With many divorces now being settled as no-fault affairs, you may be surprised to learn that you can still sue for "alienation of affection" in seven states: Hawaii, Illinois, New Mexico, North Carolina, Mississippi, South Dakota, and Utah. In these states, you can sue a third party that you blame for ruining your marriage. If you live in one of these states and meet certain criteria, you may be able to win damages against the person or persons who wrecked your marriage.
When a person is faced with a criminal charge, it is critical for them to be as informed as possible. Unfortunately, many individuals are poorly informed about the criminal justice system, and this may make it difficult for them to make smart choices or to understand what to expect. If you have limited experience or knowledge about facing criminal charges, you may benefit from having a couple of the more routine myths about criminal charges debunked.
Even though you may already know that your marriage is ending, you may not have filed for divorce yet. Instead of waiting to start preparing for the proceedings after you file, it is often best to take certain measures beforehand. Here are a few of them: Gather your financial data. Financial information will be used to help determine whether or not alimony or child support will be provided. In addition, it can help the judge disseminate the financial obligations and property that will be divided during the divorce.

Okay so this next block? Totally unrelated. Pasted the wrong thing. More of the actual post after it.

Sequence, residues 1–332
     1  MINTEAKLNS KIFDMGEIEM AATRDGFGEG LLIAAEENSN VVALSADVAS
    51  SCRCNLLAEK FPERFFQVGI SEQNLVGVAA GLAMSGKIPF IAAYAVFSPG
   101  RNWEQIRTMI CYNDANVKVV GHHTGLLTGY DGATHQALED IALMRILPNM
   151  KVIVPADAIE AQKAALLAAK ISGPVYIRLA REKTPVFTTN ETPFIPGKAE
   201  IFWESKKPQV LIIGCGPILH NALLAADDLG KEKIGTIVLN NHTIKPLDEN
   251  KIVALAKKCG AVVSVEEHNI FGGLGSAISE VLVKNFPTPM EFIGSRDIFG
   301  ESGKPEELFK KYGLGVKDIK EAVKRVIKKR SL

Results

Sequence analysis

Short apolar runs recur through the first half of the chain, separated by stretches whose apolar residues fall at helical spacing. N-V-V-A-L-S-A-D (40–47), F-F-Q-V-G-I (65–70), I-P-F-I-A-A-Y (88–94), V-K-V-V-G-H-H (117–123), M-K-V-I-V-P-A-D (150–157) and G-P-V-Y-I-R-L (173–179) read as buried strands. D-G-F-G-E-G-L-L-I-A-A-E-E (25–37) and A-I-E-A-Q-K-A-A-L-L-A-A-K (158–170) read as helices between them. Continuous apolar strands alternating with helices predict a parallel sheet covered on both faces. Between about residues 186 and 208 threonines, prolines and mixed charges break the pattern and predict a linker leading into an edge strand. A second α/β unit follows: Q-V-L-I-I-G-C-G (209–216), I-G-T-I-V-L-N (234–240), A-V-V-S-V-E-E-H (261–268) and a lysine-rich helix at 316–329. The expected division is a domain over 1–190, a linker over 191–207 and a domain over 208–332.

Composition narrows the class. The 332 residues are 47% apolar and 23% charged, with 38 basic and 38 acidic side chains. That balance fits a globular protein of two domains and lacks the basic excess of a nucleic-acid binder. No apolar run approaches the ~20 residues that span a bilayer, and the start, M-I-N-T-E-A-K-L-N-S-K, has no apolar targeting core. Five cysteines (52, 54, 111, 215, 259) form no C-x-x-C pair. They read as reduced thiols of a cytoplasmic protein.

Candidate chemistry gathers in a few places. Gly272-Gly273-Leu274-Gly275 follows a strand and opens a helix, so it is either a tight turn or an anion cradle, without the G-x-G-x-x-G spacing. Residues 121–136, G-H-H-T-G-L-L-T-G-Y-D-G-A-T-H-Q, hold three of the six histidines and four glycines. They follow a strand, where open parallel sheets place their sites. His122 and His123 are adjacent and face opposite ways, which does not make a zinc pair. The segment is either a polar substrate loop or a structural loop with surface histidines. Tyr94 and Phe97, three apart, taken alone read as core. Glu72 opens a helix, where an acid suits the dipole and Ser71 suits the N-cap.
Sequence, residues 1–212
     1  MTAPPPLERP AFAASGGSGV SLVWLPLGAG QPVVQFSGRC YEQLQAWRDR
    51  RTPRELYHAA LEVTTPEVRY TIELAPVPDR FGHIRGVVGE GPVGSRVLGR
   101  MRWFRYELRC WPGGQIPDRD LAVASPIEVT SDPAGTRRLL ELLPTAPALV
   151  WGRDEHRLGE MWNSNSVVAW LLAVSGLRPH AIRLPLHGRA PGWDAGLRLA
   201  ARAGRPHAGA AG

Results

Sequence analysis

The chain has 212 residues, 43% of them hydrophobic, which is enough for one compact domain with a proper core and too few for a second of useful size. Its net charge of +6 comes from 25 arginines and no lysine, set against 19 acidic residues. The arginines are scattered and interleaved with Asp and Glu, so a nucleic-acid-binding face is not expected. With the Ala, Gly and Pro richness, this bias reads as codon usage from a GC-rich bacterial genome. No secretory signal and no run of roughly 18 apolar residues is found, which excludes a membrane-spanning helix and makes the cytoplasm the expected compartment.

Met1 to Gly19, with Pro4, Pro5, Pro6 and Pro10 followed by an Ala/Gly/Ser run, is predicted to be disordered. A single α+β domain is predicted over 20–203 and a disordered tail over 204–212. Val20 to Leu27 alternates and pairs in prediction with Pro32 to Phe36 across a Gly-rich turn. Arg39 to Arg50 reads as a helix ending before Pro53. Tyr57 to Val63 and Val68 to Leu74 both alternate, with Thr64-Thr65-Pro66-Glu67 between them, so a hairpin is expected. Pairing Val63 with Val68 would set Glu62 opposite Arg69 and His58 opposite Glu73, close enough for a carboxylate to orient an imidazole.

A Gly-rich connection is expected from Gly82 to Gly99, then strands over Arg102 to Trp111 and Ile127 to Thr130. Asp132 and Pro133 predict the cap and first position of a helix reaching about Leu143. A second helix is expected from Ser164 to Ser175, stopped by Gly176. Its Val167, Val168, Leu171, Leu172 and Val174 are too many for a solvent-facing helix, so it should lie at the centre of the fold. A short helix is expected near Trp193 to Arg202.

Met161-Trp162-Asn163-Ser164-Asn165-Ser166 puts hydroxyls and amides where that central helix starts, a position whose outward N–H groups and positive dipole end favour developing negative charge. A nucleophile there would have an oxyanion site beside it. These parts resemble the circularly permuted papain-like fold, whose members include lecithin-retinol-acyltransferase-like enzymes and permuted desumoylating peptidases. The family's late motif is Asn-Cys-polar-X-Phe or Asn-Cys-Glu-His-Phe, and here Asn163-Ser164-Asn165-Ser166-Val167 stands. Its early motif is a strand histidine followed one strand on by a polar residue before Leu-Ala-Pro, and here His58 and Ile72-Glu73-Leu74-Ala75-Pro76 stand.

If you fall into the low-income category, you may think that you aren't able to afford a lawyer to help you with your divorce. That means that you may try to do your divorce on your own and you may not get the terms that you want from your divorce, especially if your spouse is able to afford an attorney. However, there are things that you can do to get an attorney to help you, even if you are low-income.
During a divorce, a bitter, angry spouse that feels rejected or betrayed may be looking for any issue that can be latched onto in order to make the ordeal worse for the other spouse. Unfortunately, if you're transgendered, your spouse may use that issue to try to paint you in a negative light and make child custody and visitation difficult. Here's what you need to be prepared to face. Your mental stability and safety as a parent may be questioned.